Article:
Effects of talker variability on perceptual learning of dialects

Cynthia G. Clopper, David B. Pisoni

Research output: Contribution to journalArticle

58 Scopus citations


Two groups of listeners learned to categorize a set of unfamiliar talkers by dialect region using sentences selected from the TIMIT speech corpus. One group learned to categorize a single talker from each of six American English dialect regions. A second group learned to categorize three talkers from each dialect region. Following training, both groups were asked to categorize new talkers using the same categorization task. While the single-talker group was more accurate during initial training and test phases when familiar talkers produced the sentences, the three-talker group performed better on the generalization task with unfamiliar talkers. This cross-over effect in dialect categorization suggests that while talker variation during initial perceptual learning leads to more difficult learning of specific exemplars, exposure to intertalker variability facilitates robust perceptual learning and promotes better categorization performance of unfamiliar talkers. The results suggest that listeners encode and use acoustic-phonetic variability in speech to reliably perceive the dialect of unfamiliar talkers.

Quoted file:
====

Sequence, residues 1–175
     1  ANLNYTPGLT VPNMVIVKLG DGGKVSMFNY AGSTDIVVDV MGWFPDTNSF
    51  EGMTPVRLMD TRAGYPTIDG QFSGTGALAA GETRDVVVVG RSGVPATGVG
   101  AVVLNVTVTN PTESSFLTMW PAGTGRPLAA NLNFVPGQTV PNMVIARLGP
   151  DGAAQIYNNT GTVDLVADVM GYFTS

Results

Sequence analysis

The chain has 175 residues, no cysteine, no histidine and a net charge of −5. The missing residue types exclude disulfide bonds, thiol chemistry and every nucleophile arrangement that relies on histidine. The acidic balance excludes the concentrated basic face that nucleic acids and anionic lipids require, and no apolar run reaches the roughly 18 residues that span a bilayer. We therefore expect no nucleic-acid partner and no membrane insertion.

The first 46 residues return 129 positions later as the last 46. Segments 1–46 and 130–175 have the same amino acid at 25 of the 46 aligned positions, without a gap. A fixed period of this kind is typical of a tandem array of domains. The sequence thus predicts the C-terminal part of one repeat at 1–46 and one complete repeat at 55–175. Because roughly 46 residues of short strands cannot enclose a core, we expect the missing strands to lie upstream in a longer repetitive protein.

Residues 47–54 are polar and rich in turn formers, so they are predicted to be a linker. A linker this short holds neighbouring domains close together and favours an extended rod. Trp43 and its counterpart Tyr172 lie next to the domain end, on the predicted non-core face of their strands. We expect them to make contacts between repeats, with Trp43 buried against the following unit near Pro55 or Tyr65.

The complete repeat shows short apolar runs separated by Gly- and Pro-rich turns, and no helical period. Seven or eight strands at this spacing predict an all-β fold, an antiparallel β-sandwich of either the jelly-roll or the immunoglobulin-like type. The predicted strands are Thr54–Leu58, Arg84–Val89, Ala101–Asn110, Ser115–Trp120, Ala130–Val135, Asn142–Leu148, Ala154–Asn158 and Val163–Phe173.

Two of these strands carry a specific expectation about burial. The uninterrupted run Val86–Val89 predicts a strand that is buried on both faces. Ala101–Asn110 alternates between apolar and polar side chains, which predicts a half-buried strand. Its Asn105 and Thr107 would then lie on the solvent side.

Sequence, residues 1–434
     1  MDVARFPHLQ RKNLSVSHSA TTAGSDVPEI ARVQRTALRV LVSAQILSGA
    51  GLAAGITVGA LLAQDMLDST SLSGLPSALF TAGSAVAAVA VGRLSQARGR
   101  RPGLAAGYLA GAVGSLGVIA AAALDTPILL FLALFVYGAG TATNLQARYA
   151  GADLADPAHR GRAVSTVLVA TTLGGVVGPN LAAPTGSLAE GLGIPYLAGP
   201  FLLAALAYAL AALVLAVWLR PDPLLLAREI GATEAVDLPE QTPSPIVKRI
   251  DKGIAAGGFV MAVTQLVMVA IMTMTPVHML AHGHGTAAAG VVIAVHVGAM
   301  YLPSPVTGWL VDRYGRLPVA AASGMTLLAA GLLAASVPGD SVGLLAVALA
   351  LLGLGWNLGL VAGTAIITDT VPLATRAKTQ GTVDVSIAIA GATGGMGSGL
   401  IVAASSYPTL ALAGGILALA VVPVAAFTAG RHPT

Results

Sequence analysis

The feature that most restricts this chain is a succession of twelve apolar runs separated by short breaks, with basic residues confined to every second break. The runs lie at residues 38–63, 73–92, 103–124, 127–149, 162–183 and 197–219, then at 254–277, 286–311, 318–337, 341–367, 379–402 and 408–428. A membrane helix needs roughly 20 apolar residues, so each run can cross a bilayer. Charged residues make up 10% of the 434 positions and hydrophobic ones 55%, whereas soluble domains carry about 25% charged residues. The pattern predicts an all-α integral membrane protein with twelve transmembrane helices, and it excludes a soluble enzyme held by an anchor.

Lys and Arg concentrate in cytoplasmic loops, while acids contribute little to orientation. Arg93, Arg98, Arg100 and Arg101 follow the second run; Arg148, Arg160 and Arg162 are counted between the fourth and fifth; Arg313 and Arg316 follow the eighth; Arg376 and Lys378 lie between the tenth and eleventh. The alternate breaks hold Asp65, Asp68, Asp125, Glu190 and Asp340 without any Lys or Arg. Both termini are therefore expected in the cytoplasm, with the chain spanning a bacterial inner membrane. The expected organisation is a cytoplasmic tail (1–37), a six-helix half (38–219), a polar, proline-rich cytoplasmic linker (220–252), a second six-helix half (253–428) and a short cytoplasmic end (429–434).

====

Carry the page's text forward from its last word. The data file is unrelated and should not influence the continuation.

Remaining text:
Original languageEnglish (US)
Pages (from-to)207-239
Number of pages33
JournalLanguage and speech
Issue number3
StatePublished - 2004


  • Dialect categorization
  • Indexical properties
  • Perceptual learning
  • Speech perception
  • Talker variability

ASJC Scopus subject areas

  • Linguistics and Language
  • Sociology and Political Science
  • Language and Linguistics

Fingerprint Dive into the research topics of 'Effects of talker variability on perceptual learning of dialects'. Together they form a unique fingerprint.

  • Cite this